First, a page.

Attitudes regarding the collaborative practice model and treatment adherence among individuals with bipolar disorder

Martha Sajatovic, Marilyn Davies, Mark S Bauer, Linda McBride, Robert W Hays, Roknedin Safavi, Janis Jenkins
Comprehensive Psychiatry 2005, 46 (4): 272-7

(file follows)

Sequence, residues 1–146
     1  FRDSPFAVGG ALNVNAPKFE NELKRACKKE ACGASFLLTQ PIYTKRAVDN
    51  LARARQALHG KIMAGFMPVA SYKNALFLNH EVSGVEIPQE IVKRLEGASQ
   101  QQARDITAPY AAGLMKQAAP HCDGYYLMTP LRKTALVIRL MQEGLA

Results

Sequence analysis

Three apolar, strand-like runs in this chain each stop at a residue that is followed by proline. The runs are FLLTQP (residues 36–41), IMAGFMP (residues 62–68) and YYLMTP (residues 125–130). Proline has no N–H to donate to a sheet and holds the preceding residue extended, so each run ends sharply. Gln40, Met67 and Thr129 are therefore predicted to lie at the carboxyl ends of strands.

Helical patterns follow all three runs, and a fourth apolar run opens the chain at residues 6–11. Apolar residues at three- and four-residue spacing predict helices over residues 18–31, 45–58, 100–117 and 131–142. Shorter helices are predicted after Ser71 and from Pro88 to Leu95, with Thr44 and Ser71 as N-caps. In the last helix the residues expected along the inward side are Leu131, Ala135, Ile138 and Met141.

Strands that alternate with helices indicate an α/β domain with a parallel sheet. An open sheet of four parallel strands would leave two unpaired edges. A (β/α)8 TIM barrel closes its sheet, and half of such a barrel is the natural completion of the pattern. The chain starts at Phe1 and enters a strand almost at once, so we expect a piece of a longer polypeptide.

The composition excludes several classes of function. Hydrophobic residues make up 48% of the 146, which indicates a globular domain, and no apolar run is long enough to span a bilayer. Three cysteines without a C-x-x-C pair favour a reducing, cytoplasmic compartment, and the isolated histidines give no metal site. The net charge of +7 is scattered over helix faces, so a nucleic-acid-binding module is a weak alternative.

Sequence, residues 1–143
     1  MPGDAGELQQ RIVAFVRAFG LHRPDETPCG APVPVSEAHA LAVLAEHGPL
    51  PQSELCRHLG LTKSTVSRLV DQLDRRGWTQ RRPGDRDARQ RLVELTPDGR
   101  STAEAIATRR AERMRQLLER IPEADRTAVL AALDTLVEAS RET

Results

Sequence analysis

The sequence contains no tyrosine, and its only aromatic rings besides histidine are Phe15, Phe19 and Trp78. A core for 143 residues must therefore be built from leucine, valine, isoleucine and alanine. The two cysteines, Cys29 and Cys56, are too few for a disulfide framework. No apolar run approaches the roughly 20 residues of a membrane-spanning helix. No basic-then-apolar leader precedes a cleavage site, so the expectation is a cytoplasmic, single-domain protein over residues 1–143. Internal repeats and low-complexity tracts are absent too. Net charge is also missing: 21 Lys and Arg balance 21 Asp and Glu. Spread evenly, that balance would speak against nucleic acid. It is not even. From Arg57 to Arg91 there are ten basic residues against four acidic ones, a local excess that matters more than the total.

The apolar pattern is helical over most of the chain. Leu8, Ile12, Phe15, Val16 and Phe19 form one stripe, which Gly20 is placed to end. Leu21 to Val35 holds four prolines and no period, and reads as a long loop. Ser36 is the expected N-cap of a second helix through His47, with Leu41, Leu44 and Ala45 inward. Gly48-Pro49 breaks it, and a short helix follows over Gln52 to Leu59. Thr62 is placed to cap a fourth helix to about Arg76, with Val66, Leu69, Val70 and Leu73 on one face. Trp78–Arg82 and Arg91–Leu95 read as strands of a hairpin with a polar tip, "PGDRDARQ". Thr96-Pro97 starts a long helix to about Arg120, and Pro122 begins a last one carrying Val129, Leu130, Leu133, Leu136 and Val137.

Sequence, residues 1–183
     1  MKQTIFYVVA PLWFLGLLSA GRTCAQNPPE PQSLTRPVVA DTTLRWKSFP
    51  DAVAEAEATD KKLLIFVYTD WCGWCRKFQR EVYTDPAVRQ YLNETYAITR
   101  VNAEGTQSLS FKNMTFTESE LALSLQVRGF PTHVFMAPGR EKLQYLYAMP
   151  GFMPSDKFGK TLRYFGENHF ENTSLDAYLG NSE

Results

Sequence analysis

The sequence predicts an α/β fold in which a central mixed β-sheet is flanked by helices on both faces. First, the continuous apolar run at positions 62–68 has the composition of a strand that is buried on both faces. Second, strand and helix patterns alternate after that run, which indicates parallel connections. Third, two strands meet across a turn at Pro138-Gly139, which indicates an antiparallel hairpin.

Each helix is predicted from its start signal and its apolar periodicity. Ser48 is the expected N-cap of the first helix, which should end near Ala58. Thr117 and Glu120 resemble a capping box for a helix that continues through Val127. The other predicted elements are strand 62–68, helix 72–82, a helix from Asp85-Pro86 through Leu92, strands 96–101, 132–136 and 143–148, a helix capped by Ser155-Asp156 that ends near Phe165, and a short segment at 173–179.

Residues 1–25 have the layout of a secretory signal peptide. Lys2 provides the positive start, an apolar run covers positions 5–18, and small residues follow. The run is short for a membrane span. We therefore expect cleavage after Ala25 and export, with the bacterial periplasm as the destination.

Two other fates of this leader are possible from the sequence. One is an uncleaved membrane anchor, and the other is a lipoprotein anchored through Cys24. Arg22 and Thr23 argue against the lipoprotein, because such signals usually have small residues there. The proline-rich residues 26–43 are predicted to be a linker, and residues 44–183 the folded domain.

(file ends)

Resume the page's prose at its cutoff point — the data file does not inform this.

An emerging literature suggests that a collaborative care model, in which patients are active managers of their illness within a supportive social environment, is a beneficial approach for individuals with bipolar disorder. One aspect of treatment that is often suboptimal among individuals with bipolar disorder is treatment adherence. Establishing an ideal collaborative model may offer an opportunity to enhance treatment adherence among individuals with bipolar disorder. This paper presents results from a qualitative exploration of patients' attitudes towards the collaborative care model and how individuals with bipolar disorder perceive treatment adherence within the context of the collaborative care model. All participants were actively enrolled in outpatient treatment at a Community Mental Health Center and part of a larger study that evaluated the Life Goals Program, a manual-driven structured group psychotherapy for bipolar disorder that is based on the collaborative practice model. The Life Goals Program is designed to assist individuals to participate more effectively in the management of their bipolar illness and to improve their social and work-related problems. Individuals were queried regarding their opinions on the ingredients for an effective client-provider relationship. Quantitative data were collected on baseline treatment adherence as well. Individuals treated for bipolar disorder in a community mental health clinic identified 12 key elements that they felt were critical ingredients to a positive collaborative experience with their mental health care provider. The authors conceptualized these elements around 3 emerging themes: patient-centered qualities, provider-centered qualities, and interactional qualities. Individuals with bipolar disorder perceived the ideal collaborative model as one in which the individual has specific responsibilities such as coming to appointments and sharing information, whereas the provider likewise has specific responsibilities such as keeping abreast of current "state-of-the-arf" prescribing practices and being a good listener. Treatment adherence was identified as a self-managed responsibility within the larger context of the collaborative model. Individuals with bipolar disorder in this study placed substantial emphasis on the interactional component within the patient-provider relationship, particularly with respect to times when the individual may be more symptomatic and more impaired. It is important that clinicians and care providers gather information related to patients' perceptions of the patient-provider relationship when designing or evaluating services aimed at enhancing treatment adherence.

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